Industry Update: Raw Materials, Bio-Based Plastic Resins, and Transportation

Like virtually all industries, the packaging industry continues to be impacted by supply chain disruption and inflationary pressures on raw material prices and global and domestic transportation rates. This Industry Update explores the root causes of these volatile market conditions and presents solutions from Berlin Packaging that focus on managing costs and minimizing any disruption to ensure our customers maintain a competitive position in their respective marketplaces.

Industry Update: Raw Materials, Bio-Based Plastic Resins, and Transportation

Introduction

At Berlin Packaging, we pride ourselves on providing the most reliable, efficient, and cost-effective packaging solutions available to our customers. As your packaging partner, we closely monitor industry conditions that may impact your business. Our Industry Update, published bimonthly, features news on Resins and Raw Materials, Ocean Freight, and Domestic Transportation.

Resins & Raw Materials

2021 was a tumultuous year for packaging raw materials as prices soared to record or near record highs, demand outstripped supply on several occasions, major storms interrupted production, and rising costs for labor, fuel, and transportation resulted in inflation rates not seen in nearly 40 years.

Resins & Raw Materials

Although Berlin Packaging cannot control the price of raw materials, we offer services to help our customers Package More Profit. Over the last three years, Berlin Packaging has added more than $240 million in profit to our customers as a unique benefit of doing business with us.

Plastic Resins

Some plastic resins saw price declines as we closed out 2021, while other resins continued their upward climb. Here’s a brief rundown of market conditions for various resins:

  • HDPE/MDPE/LDPE (Polyethylene): Excess inventory, slowing demand, and decreased raw material costs have resulted in lower HDPE/LDPE prices. The outlook for the first quarter is declining prices as new capacity is expected to come onstream.
  • PET (Polyethylene Terephthalate): Domestic supply remains tight amid strong demand from the beverage sector. PET imports continue to be hindered by port congestion and the high cost of ocean freight. Additional price increases are expected in the first quarter.
  • PP (Polypropylene): Greater supply (including more imports), lower demand, and a decrease in raw material costs have resulted in a drop in PP prices. Buyers expect prices to further decline in the first quarter.
  • PS (Polystyrene): Although demand is very strong, there are adequate supplies — resulting in a well-balanced PS market with flat prices. Stable pricing is expected in the first quarter.
  • PVC (Polyvinyl Chloride): Robust demand, logistical challenges, and persistent tight supplies since Hurricane Ida disrupted production in the Gulf Coast have resulted in higher PVC prices. Moving forward, the new infrastructure law will likely stimulate even more demand for PVC, supporting further price increases.
  • Post-Consumer Recycled (PCR): Sustainable packaging initiatives and state legislation mandating minimum PCR content in beverage bottles are ratcheting up the demand for PCR resins, especially rPET. Since rPET prices typically follow PET, rPET costs are expected to increase in the first quarter. Furthermore, brand owners have made public commitments to increase their PCR content, but materials are in short supply, leading to higher prices for rPET. In contrast, rHDPE prices fell in the last quarter of 2021 because of improving supplies, softening demand, and lower prices for virgin HDPE.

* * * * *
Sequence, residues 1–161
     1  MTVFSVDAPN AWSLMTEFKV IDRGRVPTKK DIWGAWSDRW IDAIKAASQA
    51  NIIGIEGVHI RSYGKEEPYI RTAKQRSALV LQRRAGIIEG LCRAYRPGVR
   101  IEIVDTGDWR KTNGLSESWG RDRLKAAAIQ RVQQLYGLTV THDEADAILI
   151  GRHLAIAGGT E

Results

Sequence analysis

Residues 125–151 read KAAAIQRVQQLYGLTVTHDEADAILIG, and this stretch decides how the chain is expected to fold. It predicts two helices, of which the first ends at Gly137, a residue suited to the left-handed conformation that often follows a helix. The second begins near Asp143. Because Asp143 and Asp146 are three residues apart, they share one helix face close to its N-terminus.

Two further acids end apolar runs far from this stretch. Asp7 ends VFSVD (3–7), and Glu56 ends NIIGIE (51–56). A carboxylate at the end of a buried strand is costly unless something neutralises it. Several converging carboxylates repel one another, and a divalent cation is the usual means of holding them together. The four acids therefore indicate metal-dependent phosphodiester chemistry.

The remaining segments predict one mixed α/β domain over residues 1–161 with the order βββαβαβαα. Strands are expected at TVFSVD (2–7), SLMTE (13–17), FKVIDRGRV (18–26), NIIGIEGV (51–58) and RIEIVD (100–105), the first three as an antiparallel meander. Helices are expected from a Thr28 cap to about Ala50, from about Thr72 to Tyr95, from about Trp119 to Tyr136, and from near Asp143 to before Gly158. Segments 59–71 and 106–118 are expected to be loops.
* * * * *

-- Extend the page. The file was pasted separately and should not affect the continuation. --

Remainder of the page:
Glass

Glass

Combined with extremely tight glass supplies in North America, the rising costs of raw materials, transportation, labor, and energy are contributing to higher prices for glass packaging.

While there is more glass capacity in other parts of the world, premium spot ocean freight rates and a 25% tariff on Chinese glass as well as recent price hikes in China temper the attractiveness of these supply options.

Aluminum

Aluminum

Aluminum prices hit a 13-year high in 2021. Strong demand for aluminum beverage cans and brand owners switching to aluminum packaging for its recyclability and reusability/refill capabilities have helped to boost prices. Plus, China — the world’s largest aluminum producer — has cut production as part of its new climate policy of reducing greenhouse gas emissions.

Aluminum can manufacturers in the U.S. are pushing state legislators to pass new container deposit laws to boost the recycling rate of aluminum containers from 45% to 70% by 2030. Nearly 75% of aluminum beverage cans are made from recycled content (both post-consumer and post-industrial).

Tin Plate

Tin Plate

Tight supplies of cold roll metal and rising raw material costs have resulted in increased tin plate steel prices. Tariffs and exorbitant ocean freight rates have limited imports. Plus, China is cutting steel production to reduce its carbon emissions.

Tin plate costs are expected to rise steeply in 2022. In January, some manufacturers of steel packaging, such as food cans, raised their prices more than 50%.

In response to tight glass supplies domestically, Berlin Packaging has identified and partnered with glass producers around the globe to source additional glass capacity. Contact your Packaging Consultant or call 1.800.2.BERLIN to learn more about our glass packaging capabilities. 

Bio-Based Plastic Resins

Bio-based plastic resins — also called biopolymers — are derived from biomass and plants, such as sugarcane, corn, and cellulose. They can have properties similar or even identical to conventional plastic resins.

Some bio-based resins are biodegradable. These include polylactic acid (PLA), polyhydroxyalkanoate (PHA), polybutylene succinate (PBS), and starch blends. Bio-based and biodegradable resins are a good option for food packaging applications because any product residues on the packaging would not be detrimental to composting. An added benefit is the avoidance of food waste in landfills.